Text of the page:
Your toddler is full of energy and curiosity. Because her brain is a sponge soaking up new experiences, it’s the perfect time to teach her skills that will carry her through life. You don’t need to send your little one to school in order for her to learn -- you have lots of ways to sneak in mini-lessons throughout the day. If she learns some basic skills, she’ll be on her way to success in life.
Toddlers have a reputation for occasional meltdowns. That’s because they don’t fully understand which behaviors are acceptable. You can’t expect perfection at this age, but you can help your little guy develop self-control. He needs to learn that even though he cries because he wants the cookie before dinner, crying won't bring him a cookie. Routines will help your child develop control. Redirect his inappropriate behavior. If he throws wooden blocks, say, “It’s not OK to throw wooden blocks, but you can throw these soft, foam ones.” Speak in a firm, calm voice. You are the best role model for self-control. Your toddler can take short time-outs to regain composure. Provide a comfortable spot for him to go and help him calm down.
Toddlers have short attention spans, but you can help your child stay focused for longer periods. According to a 2012 study conducted at Oregon State University, children who pay attention, follow directions and complete tasks do better than their counterparts later in life. Give short, simple directions as you get down to her eye level. Accompany the directions with other signals. For example, if it’s time to go to sleep, dim the bedroom lights. Engage in conversation with your child while she plays with blocks or looks at a book. This will encourage her to continue the task a little longer. Praise her when she sticks to a task such as putting a large, wooden puzzle together.
Toddlers are in the egocentric stage. “Mine” is a favorite word. Teach your child to share by example. When you’re eating a banana, ask, “Would you like to have some of my banana?” If she’s going to have a playmate over to visit, talk to her about how much fun it will be to share her new toys. Praise her when she shares so she sees it as a positive behavior. Teach her to take turns. Set a timer -- she and her little friend can switch dolls when the timer goes off. If her playmate’s toy truck breaks, remind her how badly she felt when her special toy broke. Suggest to your daughter that she give her playmate one of her toys to take home.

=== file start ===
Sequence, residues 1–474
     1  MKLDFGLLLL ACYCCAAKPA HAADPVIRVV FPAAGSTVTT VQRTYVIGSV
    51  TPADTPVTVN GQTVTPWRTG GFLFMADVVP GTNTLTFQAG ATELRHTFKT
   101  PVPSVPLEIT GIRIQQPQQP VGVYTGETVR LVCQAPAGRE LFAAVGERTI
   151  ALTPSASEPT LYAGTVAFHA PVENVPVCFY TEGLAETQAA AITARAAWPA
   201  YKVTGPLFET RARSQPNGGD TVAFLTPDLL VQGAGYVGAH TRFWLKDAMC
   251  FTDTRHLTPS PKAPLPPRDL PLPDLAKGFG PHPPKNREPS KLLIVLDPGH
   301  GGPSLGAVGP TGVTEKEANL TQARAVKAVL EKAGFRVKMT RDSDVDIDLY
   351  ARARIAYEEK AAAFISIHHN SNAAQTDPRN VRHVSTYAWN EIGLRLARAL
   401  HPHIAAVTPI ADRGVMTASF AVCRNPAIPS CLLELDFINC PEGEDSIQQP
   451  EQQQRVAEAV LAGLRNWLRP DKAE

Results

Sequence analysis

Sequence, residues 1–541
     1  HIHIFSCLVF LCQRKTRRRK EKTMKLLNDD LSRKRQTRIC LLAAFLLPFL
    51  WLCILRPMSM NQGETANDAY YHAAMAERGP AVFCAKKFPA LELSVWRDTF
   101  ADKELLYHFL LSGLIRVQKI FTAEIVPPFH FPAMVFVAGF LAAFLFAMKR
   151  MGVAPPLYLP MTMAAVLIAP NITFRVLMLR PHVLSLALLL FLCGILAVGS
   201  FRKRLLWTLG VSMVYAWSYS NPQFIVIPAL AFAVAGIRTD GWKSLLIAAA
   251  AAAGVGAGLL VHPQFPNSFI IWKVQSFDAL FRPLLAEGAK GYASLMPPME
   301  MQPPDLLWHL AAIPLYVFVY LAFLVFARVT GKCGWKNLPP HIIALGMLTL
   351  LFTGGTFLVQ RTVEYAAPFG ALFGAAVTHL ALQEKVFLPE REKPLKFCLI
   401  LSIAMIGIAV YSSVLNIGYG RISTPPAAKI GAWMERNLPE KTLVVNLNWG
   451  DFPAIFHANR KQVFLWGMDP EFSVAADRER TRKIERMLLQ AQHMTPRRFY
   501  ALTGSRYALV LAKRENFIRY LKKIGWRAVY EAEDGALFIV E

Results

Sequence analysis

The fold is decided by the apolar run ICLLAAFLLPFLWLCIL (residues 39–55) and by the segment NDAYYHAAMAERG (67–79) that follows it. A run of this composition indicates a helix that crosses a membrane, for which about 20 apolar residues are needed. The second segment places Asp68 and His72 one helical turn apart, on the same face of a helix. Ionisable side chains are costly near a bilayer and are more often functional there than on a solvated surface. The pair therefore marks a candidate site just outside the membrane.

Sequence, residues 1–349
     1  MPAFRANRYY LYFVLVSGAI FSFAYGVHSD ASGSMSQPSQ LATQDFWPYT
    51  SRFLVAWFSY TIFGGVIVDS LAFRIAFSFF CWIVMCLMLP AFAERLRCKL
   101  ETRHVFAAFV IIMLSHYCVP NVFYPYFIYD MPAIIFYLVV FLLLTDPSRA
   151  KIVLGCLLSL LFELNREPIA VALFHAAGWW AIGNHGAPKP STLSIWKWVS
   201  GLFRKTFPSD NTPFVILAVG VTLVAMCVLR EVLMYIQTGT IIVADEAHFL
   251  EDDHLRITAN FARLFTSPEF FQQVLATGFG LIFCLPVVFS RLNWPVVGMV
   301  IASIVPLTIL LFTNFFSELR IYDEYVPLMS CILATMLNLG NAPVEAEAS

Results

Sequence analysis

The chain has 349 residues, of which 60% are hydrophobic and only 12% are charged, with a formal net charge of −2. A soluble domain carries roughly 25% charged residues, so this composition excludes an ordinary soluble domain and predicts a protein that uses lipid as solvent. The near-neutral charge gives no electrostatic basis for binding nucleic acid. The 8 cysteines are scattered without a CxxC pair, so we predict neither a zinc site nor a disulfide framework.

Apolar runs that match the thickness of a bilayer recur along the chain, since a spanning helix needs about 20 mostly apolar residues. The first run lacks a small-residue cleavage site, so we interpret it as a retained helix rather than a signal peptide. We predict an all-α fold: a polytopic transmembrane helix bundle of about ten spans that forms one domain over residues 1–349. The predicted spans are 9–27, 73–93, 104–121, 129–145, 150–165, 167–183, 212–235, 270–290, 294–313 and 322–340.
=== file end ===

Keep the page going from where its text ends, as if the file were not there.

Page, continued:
Your child might not be a little Miss Manners, but you can gradually teach her what’s proper and what isn’t. Give one direction at a time. Teach her not to put her feet on the table. When she’s mastered that, your next move can be teaching her to use eating utensils. If she hears you say “please” and “thank you” right from the start, they will become second nature to her. Give her attention when she displays good manners. When she opens a snack, remind her that the paper goes into the trash.
Provide your child with plenty of experiences to develop gross motor skills. He can learn to use his large muscles to throw and kick a ball, balance on one foot, jump and ride a tricycle. Provide opportunities for honing his fine, small-muscle motor skills as well. He can color, stack blocks or scribble on art paper.
Don’t push your child into reading or math -- that could take the joy out of it. Children learn through play and exploration. Have lots of colorful, interactive books within his reach. When you walk up stairs, count them out loud. Point out the “red” car, the “blue” sky or the “square” table. Read counting books. Provide a sensory table of sand and water where your child can use containers, cups and funnels to experiment with sizes, shapes and materials. Sort the big balls and the small balls, the yellow blocks and the green blocks.